Thursday, 15 October 2015

Sturgeon with the whole world in her hands

When will the second referendum be?

It is the question on the lips of hundreds of new members turning up for their first ever SNP conference in Aberdeen today. It’s also the only story really exercising the media in the carnival tent in carpark 4 of the exhibition centre.

Jim Murphy in his exit speech from politics said it would be “as soon as they can get off with it”, and you can forgive the cynicism of Scottish Labour’s lost leader.

Nicola Sturgeon finessed it rather better this morning in her opening speech to the 81st SNP conference.

In a fair attempt at that old circus trick, riding two horses, she assured No voters, the majority of Scots, that there will be no commitment to an independence referendum in next year’s manifesto for the Holyrood.

Simultaneously she warned the result of the referendum we do see coming down the road, the EU vote, could be the trigger for Scotland to exit the UK. “Unstoppable” was her word, not inevitable.

But while trying reassure half the country that they are not entering “neverendum” land with the SNP she has clearly signalled that within months of winning office she could be preparing for a second referendum vote.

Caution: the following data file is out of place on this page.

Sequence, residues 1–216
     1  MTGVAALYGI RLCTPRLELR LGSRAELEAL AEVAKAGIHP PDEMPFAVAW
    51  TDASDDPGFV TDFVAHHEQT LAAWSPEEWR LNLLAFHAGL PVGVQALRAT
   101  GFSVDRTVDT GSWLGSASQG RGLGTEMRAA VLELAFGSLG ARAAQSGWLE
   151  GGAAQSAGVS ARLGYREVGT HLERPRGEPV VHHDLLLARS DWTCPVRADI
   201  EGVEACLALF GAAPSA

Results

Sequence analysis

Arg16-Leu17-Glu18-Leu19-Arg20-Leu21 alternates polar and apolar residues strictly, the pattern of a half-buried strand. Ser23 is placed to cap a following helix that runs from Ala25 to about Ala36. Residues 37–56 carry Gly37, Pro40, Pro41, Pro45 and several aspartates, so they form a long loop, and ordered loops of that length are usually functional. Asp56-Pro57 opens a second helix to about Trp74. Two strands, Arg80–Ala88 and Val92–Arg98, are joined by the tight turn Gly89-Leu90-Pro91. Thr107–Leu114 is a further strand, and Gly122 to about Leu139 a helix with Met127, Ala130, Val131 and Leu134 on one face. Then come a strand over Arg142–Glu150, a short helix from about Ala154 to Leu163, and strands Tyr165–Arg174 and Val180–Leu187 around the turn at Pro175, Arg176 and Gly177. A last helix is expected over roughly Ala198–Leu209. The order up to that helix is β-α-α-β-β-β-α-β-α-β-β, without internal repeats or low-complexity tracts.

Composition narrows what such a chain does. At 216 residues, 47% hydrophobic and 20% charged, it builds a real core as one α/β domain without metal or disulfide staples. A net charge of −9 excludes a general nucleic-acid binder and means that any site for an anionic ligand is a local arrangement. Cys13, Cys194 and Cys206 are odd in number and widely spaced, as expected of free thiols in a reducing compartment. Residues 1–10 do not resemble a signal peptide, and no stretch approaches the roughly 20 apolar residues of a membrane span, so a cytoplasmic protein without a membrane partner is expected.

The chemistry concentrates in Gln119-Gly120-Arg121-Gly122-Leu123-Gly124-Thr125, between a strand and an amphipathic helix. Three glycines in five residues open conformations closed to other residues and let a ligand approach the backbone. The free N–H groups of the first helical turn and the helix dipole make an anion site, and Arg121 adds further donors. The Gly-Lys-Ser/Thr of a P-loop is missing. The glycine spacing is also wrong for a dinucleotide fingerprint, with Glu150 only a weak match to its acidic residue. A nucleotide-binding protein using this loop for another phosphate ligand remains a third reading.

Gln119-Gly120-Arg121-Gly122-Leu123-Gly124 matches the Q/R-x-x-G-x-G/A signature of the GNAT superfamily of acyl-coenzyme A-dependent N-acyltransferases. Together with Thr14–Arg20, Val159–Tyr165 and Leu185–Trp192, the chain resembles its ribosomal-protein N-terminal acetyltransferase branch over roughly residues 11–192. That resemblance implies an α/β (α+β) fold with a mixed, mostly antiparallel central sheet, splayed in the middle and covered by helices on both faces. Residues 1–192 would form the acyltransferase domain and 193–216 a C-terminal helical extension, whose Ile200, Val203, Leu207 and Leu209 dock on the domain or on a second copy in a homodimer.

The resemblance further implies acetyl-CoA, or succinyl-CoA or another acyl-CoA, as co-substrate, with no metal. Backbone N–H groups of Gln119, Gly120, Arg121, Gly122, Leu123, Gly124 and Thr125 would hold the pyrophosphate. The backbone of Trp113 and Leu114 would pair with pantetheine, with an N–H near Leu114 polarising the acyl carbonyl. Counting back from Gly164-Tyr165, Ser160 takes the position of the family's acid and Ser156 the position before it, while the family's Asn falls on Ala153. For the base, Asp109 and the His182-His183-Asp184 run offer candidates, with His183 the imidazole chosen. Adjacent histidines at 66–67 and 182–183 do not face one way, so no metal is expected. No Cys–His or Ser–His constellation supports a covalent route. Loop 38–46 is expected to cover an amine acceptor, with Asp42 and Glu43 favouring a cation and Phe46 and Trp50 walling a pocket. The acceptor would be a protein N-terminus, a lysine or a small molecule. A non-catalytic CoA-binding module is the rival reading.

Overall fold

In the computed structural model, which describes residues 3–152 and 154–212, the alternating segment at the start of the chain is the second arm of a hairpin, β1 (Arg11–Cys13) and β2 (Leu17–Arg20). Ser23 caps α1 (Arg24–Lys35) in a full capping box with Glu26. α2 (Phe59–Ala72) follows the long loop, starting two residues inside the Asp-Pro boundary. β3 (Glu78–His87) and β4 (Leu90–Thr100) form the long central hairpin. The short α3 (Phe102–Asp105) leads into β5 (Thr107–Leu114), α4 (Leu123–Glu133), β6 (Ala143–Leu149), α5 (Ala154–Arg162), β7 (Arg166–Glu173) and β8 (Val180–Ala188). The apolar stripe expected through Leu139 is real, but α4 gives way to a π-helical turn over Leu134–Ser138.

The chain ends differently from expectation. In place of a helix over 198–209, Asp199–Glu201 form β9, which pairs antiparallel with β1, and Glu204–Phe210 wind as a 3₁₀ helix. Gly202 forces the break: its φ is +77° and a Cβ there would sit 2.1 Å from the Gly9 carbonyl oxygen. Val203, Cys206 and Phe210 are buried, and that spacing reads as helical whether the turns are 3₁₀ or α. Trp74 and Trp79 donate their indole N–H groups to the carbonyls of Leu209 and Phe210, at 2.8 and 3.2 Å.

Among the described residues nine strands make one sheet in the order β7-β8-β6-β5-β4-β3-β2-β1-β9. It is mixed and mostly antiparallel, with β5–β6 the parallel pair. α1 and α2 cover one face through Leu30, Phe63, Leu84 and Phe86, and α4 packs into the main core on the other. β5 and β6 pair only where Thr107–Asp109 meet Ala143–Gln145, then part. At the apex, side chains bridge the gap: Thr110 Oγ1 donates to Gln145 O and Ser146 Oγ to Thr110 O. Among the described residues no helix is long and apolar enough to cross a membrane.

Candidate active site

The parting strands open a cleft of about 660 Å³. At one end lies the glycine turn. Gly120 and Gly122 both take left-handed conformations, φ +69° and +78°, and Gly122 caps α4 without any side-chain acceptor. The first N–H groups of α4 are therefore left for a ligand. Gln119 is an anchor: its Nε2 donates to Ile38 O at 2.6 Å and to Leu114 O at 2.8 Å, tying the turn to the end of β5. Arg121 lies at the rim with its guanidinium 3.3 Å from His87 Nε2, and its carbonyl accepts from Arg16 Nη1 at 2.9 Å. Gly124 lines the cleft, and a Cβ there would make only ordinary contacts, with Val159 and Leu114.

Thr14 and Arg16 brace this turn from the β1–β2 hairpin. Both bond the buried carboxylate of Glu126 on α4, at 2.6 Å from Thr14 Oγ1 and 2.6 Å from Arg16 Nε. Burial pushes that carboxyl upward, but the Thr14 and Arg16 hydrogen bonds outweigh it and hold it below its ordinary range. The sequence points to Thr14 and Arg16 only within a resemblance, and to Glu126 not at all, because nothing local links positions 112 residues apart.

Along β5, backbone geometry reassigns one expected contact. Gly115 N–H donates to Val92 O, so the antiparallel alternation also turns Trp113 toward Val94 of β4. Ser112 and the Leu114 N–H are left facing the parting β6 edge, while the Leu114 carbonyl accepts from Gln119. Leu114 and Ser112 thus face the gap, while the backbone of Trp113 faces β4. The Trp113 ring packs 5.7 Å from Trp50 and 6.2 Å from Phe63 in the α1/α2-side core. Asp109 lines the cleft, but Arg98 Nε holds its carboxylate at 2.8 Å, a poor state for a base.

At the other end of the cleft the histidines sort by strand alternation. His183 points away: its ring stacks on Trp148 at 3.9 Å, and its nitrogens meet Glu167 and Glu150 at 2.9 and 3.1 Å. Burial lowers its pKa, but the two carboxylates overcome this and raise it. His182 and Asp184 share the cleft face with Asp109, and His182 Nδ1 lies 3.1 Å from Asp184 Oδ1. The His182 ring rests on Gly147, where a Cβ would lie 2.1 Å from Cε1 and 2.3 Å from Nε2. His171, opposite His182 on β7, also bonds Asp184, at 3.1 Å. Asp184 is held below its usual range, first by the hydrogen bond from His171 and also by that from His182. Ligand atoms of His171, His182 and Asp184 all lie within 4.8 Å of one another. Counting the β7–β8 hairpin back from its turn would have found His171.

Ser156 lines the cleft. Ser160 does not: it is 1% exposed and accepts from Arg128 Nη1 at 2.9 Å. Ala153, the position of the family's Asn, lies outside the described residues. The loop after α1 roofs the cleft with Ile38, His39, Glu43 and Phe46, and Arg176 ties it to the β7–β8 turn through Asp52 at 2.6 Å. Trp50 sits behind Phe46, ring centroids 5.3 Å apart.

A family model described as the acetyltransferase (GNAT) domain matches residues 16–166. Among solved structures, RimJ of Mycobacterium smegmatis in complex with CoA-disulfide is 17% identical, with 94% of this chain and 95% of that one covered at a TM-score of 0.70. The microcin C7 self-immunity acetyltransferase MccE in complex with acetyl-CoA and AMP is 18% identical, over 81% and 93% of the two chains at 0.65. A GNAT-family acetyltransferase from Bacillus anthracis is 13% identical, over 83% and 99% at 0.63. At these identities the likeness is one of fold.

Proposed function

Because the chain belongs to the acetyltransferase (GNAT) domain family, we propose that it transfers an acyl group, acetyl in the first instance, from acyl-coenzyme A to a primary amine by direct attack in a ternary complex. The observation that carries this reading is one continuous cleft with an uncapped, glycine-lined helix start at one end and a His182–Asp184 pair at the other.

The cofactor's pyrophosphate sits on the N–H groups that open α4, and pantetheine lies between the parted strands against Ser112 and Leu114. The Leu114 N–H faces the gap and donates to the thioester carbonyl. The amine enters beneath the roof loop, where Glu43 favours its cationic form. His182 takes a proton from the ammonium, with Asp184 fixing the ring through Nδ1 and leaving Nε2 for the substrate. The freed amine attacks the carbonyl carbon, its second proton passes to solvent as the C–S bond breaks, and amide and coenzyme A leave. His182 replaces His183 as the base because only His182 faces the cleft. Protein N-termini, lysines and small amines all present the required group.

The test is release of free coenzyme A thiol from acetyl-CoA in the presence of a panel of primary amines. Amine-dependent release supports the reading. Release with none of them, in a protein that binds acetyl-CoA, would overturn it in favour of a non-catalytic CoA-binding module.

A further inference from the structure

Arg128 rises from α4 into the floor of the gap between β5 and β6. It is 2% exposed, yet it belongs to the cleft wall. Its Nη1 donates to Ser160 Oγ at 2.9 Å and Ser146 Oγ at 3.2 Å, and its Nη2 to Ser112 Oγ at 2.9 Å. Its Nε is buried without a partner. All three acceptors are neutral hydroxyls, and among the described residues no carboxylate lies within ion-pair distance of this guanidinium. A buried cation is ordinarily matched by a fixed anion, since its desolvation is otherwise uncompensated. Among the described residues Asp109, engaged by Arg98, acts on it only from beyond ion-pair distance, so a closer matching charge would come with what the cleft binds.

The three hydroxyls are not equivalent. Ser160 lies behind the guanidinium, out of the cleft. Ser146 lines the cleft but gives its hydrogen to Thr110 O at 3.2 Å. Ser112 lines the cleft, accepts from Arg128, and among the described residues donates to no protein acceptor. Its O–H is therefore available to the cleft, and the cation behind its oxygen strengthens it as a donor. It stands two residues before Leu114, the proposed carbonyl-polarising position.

For rank and file SNP members, even the newbys who want a Indy2 yesterday, that should suffice. 

Sturgeon, who bestrides Scottish politics, has great command and respect from her party and there will be few, if any, dissenting voices.

It is that level of personal trust and respect that the SNP leadership want to replicate with the Scottish public over the next few months.

The election campaign is going to be all about Nicola (no Alex at all) and how much you trust and respect her to run the country. So the assurance on the referendum is a strong message.

Sturgeon said there would have to be “strong and consistent” evidence that the mood in Scotland has moved to independence before there is a second vote.

How will they know that? Polling evidence for sure but with 114,000 members, about two per cent of the population, the party ought to be able to judge the mood well enough.    

But asked if the future direction of the country would be weighed on the outcome of opinion polls by the BBC’s Laura Kuenssberg the First Minister let slip the proper answer.

“ It will be down to whether we judge, I judge, that people who voted no last year have changed their minds,” she said.

“I judge” - Nicola Sturgeon, she has your whole world in her hands.

No comments:

Post a Comment